I really enjoy relays, and I got to compete in one relay here in Tokyo and it went really well, Team USA just gets so excited and it’s very easy to swim fast in relays because you’re competing for your teammates and you want to do your very best for them because you know they’re doing that in return as well, I felt like we were able to do that this week in the relay that I competed in, we all did our best and it showed in the results. I love both the relays and the individual events because each event presents its own challenges and I try to embrace that challenge.
We’ve seen the conversation about mental health become more and more vocal amongst athletes, while preparing for such a demanding and high-profile competition, what are some things you like to do to keep yourself grounded and take care of your well-being?
Keeping my goals in mind is important and I just try to live a very balanced life. I just finished college this past year, so school was very important to me and getting my education. It’s not just about swimming and I try to do other things as well. My family, friends, coaches, and teachers have always allowed me and encouraged me to live that balanced life.
Is there any advice you can give to people struggling with motivation and dealing with setbacks?
Always try to be moving forward, don’t dwell on failures and disappointments, just try to find positives in everything you do and find things that you are passionate about. Try to be the best that you can be. I think if you’re always striving for self-improvement then that’s the best you can do, and always try to find the positives in hard moments, I think that’s the most important thing.
There are a lot of young athletes watching you, aspiring to be like you, what advice do you have for the next generation of swimmers out there?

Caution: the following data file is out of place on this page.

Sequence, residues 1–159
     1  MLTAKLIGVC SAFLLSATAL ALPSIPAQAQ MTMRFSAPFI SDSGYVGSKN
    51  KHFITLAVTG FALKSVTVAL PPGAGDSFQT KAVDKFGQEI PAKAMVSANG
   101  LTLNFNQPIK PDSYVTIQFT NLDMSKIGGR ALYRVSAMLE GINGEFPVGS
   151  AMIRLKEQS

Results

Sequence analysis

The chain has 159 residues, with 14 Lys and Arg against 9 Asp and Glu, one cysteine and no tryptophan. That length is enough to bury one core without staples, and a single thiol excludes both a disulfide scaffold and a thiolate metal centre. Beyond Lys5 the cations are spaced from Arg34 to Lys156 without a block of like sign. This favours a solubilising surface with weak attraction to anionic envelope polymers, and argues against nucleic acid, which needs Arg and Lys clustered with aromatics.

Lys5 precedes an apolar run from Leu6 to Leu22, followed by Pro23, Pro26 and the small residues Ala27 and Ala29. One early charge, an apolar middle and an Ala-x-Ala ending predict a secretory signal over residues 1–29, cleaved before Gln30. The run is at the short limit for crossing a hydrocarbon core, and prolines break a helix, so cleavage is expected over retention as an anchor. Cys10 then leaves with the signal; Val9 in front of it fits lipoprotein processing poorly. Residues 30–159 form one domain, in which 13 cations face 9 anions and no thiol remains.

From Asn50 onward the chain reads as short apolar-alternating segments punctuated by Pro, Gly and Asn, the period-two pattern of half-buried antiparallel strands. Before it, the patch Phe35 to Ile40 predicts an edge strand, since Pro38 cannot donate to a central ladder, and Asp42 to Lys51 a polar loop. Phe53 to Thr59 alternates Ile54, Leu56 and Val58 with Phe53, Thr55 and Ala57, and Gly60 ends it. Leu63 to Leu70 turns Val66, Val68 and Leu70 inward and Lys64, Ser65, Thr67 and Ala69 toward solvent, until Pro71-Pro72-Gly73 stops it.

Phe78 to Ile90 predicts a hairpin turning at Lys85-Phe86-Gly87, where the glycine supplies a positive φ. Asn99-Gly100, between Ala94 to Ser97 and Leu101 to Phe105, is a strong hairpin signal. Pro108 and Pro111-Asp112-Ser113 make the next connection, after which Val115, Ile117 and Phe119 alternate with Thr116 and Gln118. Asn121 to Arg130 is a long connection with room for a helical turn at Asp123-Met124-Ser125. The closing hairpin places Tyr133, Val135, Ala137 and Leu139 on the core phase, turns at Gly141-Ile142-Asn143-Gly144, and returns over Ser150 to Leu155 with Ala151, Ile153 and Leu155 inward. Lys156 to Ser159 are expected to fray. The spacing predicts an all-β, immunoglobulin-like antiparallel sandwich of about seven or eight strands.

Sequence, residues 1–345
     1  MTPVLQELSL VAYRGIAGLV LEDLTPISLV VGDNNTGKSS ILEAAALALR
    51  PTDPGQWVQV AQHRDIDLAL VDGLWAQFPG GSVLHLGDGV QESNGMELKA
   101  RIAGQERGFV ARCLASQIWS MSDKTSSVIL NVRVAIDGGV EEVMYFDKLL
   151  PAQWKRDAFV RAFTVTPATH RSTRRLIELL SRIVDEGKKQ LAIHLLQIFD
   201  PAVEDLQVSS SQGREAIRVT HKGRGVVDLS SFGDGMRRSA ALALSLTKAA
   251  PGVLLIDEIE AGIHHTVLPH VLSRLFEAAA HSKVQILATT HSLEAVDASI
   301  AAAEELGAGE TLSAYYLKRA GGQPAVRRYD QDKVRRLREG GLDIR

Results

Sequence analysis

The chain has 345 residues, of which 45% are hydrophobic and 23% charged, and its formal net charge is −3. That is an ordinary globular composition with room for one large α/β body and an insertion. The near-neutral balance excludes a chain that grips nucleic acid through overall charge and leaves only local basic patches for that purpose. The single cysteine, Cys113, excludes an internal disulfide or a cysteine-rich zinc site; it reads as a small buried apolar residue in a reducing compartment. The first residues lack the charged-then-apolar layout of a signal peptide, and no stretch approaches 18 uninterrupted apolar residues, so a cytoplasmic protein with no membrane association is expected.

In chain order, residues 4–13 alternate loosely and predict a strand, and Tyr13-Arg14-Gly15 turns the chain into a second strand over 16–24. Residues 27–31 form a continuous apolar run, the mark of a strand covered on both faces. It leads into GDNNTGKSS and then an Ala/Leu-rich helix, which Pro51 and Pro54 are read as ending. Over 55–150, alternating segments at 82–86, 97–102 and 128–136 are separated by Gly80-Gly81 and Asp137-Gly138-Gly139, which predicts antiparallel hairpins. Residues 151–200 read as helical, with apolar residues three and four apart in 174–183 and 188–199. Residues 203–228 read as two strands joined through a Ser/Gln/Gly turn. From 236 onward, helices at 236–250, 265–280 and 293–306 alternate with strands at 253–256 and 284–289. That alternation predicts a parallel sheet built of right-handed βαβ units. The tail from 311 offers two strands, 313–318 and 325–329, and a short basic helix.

Just have fun. I think back to the first time I started swimming, I never dreamed would make it to this level, I just got into the sport because I was having so much fun and I was meeting so many great friends. Eventually I made it to this point and got to travel all over the world, that’s been incredible and something I never imagined I’d get to do, to be sitting here in Tokyo. It’s amazing what sport has done for me, and the opportunities I’ve had through competition and through meeting people from all over the world. And so, I would just encourage young kids to find something that they really love, that they enjoy, whether that’s sport or something else and try to be the best that you can be at it and enjoy it.
I always look back to the first moments when I started swimming for the team and how much fun I was having, and I try to capture that and hold on to that fun in every level that I achieve.
You’ve accomplished so much, but there’s still a lot ahead of you, what are your goals for the future? Both in swimming and personally?
I would love to go to the 2024 Olympics, I know it’s not a guarantee, but I will eventually get back to work and start setting my new goals. I will be doing that in and out of the pool, there’s plenty I would like to achieve out of the pool, now that I’ve received my degree from Stanford I have some time to do things out of the pool, decide on some next steps, maybe going to graduate school or something like that, I’m going to take it step by step, right now after the Olympics I’m going to rest a little, process everything, and enjoy the time I get with my family to celebrate now and be with them after a lot of time apart during the pandemic. I’m going to enjoy and embrace the present and eventually start shifting my mind towards my future goals.